Luck learning quickly at Colts camp

Andrew Luck of the Indianapolis Colts participates during a rookie minicamp at the team facility on...

Andrew Luck of the Indianapolis Colts participates during a rookie minicamp at the team facility on May 4, 2012 in Indianapolis, Indiana. (Joe Robbins/Getty Images/AFP).

THE SPORTS XCHANGE

, Last Updated: 5:09 PM ET

Indianapolis Colts quarterback Andrew Luck will make his NFL debut in eight days against the St. Louis Rams at Lucas Oil Stadium, but that realization threw off the No. 1 overall pick in this year’s draft when reminded of it.

“I didn’t realize we had a game then, to be honest,” Luck told the Indianapolis Star after Saturday’s morning practice. “We’ll still approach it as training camp practices until then. We’ll see how it goes.”

Not only are all eyes seemingly on Luck as the rookie goes through his first NFL training camp at Anderson University, he is fully aware of the attention he has been getting.

Luck is also being looked at as a leader by his teammates.

“The locker room has been very receptive, which is great as a young player to come into,” he told reporters. “You don’t feel like you have to force things or say certain things. Everyone is comfortable in their own personality. That’s something I try never to do, try to force a speech that’s outside of your personality or force being quiet or yelling if you’re a quiet guy.

”As a quarterback, you’re talking every play in the huddle. You naturally assume some air of leadership. It’s a process. You’ve just got to build the trust and build the confidence.“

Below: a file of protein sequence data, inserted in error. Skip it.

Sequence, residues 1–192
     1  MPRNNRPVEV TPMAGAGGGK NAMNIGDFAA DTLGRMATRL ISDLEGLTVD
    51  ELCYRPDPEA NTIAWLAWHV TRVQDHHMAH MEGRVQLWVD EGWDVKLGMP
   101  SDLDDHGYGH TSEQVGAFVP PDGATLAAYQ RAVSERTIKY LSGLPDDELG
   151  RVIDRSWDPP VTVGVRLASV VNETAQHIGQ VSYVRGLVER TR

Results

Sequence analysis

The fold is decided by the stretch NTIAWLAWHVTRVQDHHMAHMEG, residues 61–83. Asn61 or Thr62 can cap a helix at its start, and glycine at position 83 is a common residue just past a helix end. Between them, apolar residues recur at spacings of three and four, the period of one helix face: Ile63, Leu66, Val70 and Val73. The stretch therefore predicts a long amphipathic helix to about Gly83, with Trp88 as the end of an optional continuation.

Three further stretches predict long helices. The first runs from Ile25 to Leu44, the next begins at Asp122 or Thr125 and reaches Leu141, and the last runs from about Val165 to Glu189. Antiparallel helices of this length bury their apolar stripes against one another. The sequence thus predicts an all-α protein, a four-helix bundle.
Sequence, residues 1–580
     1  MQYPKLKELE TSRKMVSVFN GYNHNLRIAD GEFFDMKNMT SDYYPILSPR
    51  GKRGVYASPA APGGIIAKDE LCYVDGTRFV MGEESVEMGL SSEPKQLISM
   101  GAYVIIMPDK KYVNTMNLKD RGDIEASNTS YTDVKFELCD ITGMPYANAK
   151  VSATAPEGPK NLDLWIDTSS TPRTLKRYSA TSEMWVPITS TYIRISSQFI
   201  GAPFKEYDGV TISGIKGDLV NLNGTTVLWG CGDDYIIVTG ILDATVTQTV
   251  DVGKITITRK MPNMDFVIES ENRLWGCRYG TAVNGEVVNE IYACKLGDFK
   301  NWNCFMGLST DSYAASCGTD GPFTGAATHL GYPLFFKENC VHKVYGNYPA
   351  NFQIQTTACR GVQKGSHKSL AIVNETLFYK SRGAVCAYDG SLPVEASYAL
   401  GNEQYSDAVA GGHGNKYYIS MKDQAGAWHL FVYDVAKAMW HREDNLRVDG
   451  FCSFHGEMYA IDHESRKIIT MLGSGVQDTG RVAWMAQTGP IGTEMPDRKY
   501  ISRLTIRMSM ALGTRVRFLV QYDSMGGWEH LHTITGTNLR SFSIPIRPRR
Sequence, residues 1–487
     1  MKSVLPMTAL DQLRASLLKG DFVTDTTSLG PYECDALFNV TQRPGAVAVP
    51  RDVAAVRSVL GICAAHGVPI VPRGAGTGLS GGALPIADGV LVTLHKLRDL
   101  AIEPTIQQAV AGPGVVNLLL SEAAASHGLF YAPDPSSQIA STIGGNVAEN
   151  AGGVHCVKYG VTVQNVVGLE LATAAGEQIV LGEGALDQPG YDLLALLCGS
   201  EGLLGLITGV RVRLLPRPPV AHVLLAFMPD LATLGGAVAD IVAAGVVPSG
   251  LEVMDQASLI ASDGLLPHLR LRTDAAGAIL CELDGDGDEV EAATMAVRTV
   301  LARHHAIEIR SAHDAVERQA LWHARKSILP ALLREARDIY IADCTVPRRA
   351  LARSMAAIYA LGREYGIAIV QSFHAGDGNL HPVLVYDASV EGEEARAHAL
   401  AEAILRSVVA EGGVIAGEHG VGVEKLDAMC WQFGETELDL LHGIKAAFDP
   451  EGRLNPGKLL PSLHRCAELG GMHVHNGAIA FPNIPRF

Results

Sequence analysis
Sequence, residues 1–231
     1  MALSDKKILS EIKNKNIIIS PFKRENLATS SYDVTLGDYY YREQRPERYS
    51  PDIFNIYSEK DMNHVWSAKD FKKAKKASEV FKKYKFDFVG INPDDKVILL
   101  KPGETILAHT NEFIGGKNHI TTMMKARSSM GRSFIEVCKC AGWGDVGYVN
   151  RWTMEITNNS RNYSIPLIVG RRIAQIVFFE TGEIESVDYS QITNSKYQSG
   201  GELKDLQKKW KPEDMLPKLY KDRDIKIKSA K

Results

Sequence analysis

Colts training camp began just a week ago, but Luck said he is getting more comfortable running the offense and matching up against the team’s 3-4 defense has forced him to learn fast. But he has a ways to go.

”Nowhere near 100 percent,“ Luck said. ”I don’t know if it will ever be 100 percent, but definitely on the right track.“

One of the things Luck has done is ask the defensive players if he has been tipping off plays.

”Especially with an established player, Antoine (Bethea) or (Tom Zbikowski) or Jerraud (Powers) back there, that have seen quarterbacks play,“ Luck said. ”It’s not every day I’m going to go up and say, ’Hey what do you think of this?’ But just if I catch them somewhere walking I’ll ask them if I’ve been tipping anything off.“

One of the ways in which Luck is having to learn on the fly is in facing a defense that is giving him a variety of different looks in practice.

”It’s awesome to sort of have the kitchen sink thrown at you, different blitzes and different looks, because it does make a difference,“ he said. ”I think to be able to see things unfold, and go in the meeting room afterwards and say, ’OK, let’s dissect this blitz, what are they doing here and why’ and great discussion starters and it’s great practice when you play the defenses that Coach (Chuck) Pagano’s been around and Coach (Greg) Manusky.“

Even though former Colts coach Tony Dungy and veteran kicker Adam Vinatieri have said that Luck looks like a third- or fourth-year veteran, Luck said he does not feel that way.

”No, I feel like a rookie, especially when I have to sing in front of all the guys,“ he said. ”I try and approach every day, especially with the mental attributes and say, ’OK, I’m going to handle mentally everything that’s thrown my way.’ It’s always very nice when two guys of such high caliber say those things, but I feel like a scrub rookie every day so far.“


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